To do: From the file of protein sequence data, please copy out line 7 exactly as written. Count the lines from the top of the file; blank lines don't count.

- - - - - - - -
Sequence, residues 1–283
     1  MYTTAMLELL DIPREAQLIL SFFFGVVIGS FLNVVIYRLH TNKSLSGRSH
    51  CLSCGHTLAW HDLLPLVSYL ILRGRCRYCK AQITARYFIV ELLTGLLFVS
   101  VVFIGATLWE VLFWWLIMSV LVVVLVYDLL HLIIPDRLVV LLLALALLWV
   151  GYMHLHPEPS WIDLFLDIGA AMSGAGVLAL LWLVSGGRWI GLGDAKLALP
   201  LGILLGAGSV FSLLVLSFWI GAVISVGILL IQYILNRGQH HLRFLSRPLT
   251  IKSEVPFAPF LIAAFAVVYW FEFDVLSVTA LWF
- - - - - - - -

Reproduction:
   251  IKSEVPFAPF LIAAFAVVYW FEFDVLSVTA LWF